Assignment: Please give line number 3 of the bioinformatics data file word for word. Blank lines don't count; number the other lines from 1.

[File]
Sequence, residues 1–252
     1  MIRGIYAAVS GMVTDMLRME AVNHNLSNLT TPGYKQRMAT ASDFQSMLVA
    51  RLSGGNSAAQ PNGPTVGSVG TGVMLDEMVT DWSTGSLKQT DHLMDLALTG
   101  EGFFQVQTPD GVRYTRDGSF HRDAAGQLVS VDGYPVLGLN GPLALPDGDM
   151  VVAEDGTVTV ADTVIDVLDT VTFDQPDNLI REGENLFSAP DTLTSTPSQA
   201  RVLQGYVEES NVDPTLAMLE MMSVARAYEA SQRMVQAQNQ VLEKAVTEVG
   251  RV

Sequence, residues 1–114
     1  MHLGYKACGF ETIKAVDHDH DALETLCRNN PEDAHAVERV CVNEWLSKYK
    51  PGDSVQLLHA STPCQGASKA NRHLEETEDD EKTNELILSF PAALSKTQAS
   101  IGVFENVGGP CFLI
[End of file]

    51  RLSGGNSAAQ PNGPTVGSVG TGVMLDEMVT DWSTGSLKQT DHLMDLALTG